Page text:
Lecture 4. On q-analogs.

In class I introduced the q-analog of n and n!:

[n]_q = 1+q+q^2 + \cdots +q^{n-1},

[n]!_q = [1] \cdot [2] \cdot \cdots \cdot [n].

Let q=p^a be a power of a prime p and let  F_q be the field of q elements. In several senses, the q-analog of the set \{1, \ldots, n\} is the vector space F_q^n. Here is one sense:

1. Prove that the number of sequences of sets \emptyset = S_0 \subsetneq S_1 \subsetneq \cdots \subsetneq S_n = \{1, \ldots, n\} is n!.

2. Prove that the number of sequences of subspaces \emptyset = V_0 \subsetneq V_1 \subsetneq \cdots \subsetneq V_n = F_q^n is [n]_q!.


One comment

  1. 1. The number of sequences of sets \emptyset=S_0\subsetneq \dots\subsetneq S_n=[n] is equal to the number of permutations of [n], consider the following bijection: for a permutation \sigma you can get the sequence given by S_i=\{\sigma(1)\dots\sigma(i)\} (S_0=\emptyset). Therefore, the number of such sequences is n!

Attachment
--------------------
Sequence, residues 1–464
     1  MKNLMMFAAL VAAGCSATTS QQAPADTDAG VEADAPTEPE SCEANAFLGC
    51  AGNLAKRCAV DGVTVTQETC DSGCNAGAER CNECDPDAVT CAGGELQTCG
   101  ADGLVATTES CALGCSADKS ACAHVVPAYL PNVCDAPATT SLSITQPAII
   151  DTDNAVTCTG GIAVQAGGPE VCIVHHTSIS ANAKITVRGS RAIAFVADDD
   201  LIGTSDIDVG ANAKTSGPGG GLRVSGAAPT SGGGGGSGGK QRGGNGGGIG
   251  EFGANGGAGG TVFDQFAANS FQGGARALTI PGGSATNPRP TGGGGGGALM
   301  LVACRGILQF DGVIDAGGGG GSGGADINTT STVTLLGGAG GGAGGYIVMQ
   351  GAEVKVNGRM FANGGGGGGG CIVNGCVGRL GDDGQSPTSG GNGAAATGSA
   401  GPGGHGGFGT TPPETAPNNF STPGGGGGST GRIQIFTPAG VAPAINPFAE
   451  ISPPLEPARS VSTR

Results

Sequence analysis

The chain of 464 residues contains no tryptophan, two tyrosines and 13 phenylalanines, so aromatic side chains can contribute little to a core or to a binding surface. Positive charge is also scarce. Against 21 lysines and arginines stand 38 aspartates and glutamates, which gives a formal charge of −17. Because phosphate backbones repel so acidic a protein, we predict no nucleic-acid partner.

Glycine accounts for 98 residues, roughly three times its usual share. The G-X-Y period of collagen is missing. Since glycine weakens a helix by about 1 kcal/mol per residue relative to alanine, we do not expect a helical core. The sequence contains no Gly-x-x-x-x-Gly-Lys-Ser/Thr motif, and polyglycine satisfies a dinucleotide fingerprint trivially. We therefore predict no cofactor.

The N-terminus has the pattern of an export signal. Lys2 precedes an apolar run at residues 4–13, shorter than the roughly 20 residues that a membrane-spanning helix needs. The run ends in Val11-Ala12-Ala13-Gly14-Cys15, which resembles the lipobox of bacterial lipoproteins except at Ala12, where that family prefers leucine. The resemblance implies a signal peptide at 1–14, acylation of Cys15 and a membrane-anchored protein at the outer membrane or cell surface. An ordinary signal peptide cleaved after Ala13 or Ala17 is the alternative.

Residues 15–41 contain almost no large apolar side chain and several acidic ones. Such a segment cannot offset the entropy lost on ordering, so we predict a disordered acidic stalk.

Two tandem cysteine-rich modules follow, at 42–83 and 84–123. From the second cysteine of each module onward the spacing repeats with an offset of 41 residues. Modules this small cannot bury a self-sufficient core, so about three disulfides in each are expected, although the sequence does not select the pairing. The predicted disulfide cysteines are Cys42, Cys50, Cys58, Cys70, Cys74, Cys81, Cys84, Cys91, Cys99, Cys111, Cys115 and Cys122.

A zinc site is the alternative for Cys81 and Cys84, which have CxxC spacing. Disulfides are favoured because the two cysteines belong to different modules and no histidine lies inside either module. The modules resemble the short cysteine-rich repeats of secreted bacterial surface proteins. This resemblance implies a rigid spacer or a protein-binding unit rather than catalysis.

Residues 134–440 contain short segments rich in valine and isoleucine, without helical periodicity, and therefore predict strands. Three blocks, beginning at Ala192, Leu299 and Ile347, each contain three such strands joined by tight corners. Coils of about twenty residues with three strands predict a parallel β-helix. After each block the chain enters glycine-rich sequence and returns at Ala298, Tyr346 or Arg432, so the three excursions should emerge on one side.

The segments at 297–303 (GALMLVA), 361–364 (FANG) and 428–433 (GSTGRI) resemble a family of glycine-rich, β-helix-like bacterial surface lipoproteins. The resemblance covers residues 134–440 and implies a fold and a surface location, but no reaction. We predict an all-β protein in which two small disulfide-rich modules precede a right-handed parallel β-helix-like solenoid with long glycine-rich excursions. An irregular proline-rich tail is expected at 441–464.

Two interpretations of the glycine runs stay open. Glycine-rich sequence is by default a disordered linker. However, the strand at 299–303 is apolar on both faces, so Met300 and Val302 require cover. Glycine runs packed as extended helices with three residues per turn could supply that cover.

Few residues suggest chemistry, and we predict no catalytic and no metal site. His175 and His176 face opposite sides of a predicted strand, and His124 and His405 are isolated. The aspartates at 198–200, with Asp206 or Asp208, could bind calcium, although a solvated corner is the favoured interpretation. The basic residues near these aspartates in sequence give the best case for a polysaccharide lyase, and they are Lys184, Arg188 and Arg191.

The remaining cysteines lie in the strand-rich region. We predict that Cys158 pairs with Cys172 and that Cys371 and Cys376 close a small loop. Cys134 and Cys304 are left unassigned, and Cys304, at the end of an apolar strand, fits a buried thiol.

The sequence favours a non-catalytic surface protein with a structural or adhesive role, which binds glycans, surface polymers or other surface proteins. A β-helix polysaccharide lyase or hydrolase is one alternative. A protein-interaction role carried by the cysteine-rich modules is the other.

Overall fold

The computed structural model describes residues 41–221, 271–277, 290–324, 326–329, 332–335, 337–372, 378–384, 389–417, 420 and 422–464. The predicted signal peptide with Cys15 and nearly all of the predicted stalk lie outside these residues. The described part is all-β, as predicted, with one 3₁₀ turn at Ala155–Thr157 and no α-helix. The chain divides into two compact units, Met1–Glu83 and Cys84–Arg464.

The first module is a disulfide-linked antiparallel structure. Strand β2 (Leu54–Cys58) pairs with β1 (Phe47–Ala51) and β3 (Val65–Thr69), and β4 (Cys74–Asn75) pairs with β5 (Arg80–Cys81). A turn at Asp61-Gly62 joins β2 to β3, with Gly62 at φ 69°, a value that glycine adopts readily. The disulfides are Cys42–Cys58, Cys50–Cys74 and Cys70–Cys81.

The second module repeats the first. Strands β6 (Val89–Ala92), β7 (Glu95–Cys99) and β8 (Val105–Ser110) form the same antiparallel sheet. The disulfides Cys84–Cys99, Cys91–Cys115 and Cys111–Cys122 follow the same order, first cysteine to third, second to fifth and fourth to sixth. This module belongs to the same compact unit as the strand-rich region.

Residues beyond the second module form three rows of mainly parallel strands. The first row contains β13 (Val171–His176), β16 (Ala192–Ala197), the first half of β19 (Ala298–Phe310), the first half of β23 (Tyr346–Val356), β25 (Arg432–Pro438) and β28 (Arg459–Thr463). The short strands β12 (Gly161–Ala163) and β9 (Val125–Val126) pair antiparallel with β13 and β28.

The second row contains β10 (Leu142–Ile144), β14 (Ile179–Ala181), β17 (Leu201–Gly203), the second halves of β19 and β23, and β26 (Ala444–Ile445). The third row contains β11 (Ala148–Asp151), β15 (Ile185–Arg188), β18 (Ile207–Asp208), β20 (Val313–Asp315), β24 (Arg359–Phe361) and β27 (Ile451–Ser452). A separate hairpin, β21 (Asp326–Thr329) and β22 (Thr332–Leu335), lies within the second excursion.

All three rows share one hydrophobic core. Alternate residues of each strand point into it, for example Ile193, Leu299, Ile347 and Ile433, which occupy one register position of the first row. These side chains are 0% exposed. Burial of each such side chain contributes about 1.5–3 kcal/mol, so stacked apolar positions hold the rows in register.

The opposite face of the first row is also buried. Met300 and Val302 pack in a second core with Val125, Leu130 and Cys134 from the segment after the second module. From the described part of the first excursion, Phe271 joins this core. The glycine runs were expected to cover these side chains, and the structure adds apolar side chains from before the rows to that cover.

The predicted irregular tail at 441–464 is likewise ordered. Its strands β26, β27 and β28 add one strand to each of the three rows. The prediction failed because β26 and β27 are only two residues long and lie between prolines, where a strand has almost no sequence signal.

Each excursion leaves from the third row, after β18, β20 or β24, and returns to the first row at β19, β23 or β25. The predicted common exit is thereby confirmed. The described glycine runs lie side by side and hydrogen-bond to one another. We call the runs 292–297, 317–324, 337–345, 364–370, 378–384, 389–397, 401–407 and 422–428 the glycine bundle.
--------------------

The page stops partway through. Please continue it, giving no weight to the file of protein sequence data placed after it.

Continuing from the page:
2. Note that given a subspace in the sequence V_i, i<n, to get V_{i+1} we only need to add any nonzero vector in V_i^\perp and take the generated space of the union. V_i^\perp has dimension n-i and therefore q^{n-i}-1 nonzero vectors, and two of these give the same subspace V_{i+1} if and only if they generate the same space, i.e. if and only if one is a nonzero-multiple of the other. So given V_i, i<n, there are q^{n-i}-1/q-1=(1+q+q^2+\dots +q^{n-i-1})=[n-i]_q possibilities for V_{i+1}.

    Then, there are [n]_q possibilities for V_1, [n-1]_q for V_2, …, [2]_q for V_{n-1} and 1=[1]_q for V_n=\mathbb{F}_q^n. So the number of sequences is:


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